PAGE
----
Format

Send to

Choose Destination
Proc Natl Acad Sci U S A. 2016 Aug 9;113(32):9015-20. doi: 10.1073/pnas.1603883113. Epub 2016 Jul 22.

Combined chemical-genetic approach identifies cytosolic HSP70 dependence in rhabdomyosarcoma.

Author information

1
Department of Pediatrics, University of California, San Francisco, CA 94143; Helen Diller Family Comprehensive Cancer Center, University of California, San Francisco, CA 94143;
2
Department of Biological Sciences, University of Pittsburgh, Pittsburgh, PA 15260;
3
Helen Diller Family Comprehensive Cancer Center, University of California, San Francisco, CA 94143; Department of Medicine, University of California, San Francisco, CA 94143;
4
Department of Medicine, University of California, San Francisco, CA 94143;
5
Research Centre for Infectious Diseases, School of Biological Sciences, University of Adelaide, Adelaide 5005, Australia;
6
Institute for Neurodegenerative Disease, University of California, San Francisco, CA 94143;
7
Department of Biochemistry and Biophysics, University of California, San Francisco, CA 94143; Howard Hughes Medical Institute, University of California, San Francisco, CA 94143;
8
Howard Hughes Medical Institute, University of California, San Francisco, CA 94143; Department of Cellular and Molecular Pharmacology, University of California, San Francisco, CA 94143;
9
Department of Chemistry, University of Pittsburgh, Pittsburgh, PA 15260.
10
Helen Diller Family Comprehensive Cancer Center, University of California, San Francisco, CA 94143; Department of Medicine, University of California, San Francisco, CA 94143; trever.bivona@ucsf.edu.

Abstract

Cytosolic and organelle-based heat-shock protein (HSP) chaperones ensure proper folding and function of nascent and injured polypeptides to support cell growth. Under conditions of cellular stress, including oncogenic transformation, proteostasis components maintain homeostasis and prevent apoptosis. Although this cancer-relevant function has provided a rationale for therapeutically targeting proteostasis regulators (e.g., HSP90), cancer-subtype dependencies upon particular proteostasis components are relatively undefined. Here, we show that human rhabdomyosarcoma (RMS) cells, but not several other cancer cell types, depend upon heat-shock protein 70 kDA (HSP70) for survival. HSP70-targeted therapy (but not chemotherapeutic agents) promoted apoptosis in RMS cells by triggering an unfolded protein response (UPR) that induced PRKR-like endoplasmic reticulum kinase (PERK)-eukaryotic translation initiation factor α (eIF2α)-CEBP homologous protein (CHOP) signaling and CHOP-mediated cell death. Intriguingly, inhibition of only cytosolic HSP70 induced the UPR, suggesting that the essential activity of HSP70 in RMS cells lies at the endoplasmic reticulum-cytosol interface. We also found that increased CHOP mRNA in clinical specimens was a biomarker for poor outcomes in chemotherapy-treated RMS patients. The data suggest that, like human epidermal growth factor receptor 2 (HER2) amplification in breast cancer, increased CHOP in RMS is a biomarker of decreased response to chemotherapy but enhanced response to targeted therapy. Our findings identify the cytosolic HSP70-UPR axis as an unexpected regulator of RMS pathogenesis, revealing HSP70-targeted therapy as a promising strategy to engage CHOP-mediated apoptosis and improve RMS treatment. Our study highlights the utility of dissecting cancer subtype-specific dependencies on proteostasis networks to uncover unanticipated cancer vulnerabilities.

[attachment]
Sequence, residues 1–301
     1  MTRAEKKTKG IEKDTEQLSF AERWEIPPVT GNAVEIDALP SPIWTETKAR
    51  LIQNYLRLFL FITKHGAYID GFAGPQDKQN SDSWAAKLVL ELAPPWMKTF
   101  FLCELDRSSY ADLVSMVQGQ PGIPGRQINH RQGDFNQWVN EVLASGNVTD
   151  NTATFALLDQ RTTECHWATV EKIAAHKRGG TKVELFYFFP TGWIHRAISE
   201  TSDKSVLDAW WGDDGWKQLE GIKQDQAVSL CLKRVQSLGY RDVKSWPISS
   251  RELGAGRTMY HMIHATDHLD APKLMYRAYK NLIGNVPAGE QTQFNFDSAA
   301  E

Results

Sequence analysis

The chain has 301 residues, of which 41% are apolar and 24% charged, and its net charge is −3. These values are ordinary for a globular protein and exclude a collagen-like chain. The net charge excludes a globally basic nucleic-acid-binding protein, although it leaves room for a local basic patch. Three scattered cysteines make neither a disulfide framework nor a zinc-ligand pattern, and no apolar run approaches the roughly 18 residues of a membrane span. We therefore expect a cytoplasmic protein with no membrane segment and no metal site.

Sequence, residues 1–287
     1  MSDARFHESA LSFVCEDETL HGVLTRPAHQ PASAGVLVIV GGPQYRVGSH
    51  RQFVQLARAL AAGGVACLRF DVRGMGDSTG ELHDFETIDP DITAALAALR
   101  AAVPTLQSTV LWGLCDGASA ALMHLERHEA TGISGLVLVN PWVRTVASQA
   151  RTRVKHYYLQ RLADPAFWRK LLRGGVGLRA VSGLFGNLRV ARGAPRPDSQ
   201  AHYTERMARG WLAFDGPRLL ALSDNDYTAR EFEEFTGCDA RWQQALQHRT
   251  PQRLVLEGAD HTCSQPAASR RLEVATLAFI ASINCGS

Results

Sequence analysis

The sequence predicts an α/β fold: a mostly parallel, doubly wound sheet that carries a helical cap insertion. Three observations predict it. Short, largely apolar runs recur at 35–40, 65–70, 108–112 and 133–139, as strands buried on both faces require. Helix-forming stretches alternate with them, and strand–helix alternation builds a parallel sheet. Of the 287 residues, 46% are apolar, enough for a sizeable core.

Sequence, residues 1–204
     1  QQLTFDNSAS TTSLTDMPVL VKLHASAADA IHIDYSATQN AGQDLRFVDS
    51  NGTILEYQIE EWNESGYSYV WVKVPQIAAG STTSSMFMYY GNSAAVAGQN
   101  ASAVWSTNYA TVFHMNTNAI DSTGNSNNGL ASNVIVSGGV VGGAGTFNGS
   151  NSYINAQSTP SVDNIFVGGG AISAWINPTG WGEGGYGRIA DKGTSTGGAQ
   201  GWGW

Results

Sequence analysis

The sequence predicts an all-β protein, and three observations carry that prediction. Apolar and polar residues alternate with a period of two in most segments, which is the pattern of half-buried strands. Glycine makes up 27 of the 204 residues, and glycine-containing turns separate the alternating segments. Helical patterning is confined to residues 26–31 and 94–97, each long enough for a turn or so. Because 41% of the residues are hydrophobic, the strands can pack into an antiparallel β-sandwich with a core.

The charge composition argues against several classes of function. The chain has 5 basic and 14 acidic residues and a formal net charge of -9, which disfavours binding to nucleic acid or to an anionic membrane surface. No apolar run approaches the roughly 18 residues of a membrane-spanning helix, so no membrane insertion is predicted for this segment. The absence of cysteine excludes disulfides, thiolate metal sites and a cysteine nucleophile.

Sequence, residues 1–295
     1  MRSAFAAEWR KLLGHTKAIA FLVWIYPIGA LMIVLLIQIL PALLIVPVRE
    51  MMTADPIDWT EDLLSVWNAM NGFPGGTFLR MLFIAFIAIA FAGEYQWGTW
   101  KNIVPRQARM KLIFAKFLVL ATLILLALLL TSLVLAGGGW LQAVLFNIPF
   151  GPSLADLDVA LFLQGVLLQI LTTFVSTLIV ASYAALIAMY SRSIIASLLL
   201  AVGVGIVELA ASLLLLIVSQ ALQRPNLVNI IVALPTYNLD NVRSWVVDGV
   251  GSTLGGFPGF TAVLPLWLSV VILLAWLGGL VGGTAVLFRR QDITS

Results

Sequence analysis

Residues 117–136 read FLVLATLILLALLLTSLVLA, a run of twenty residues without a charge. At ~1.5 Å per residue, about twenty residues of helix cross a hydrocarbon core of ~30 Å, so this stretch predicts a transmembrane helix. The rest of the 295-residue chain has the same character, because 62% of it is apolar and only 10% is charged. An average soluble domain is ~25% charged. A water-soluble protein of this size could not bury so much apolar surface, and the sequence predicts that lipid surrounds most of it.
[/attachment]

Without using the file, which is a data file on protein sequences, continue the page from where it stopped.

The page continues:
KEYWORDS:

HSP70; cancer; chaperone; sarcoma; unfolded protein response

PMID:
27450084
PMCID:
PMC4987817
DOI:
10.1073/pnas.1603883113
[Indexed for MEDLINE]
Free PMC Article

Supplemental Content

Full text links

Icon for HighWire Icon for PubMed Central
Loading ...
Support Center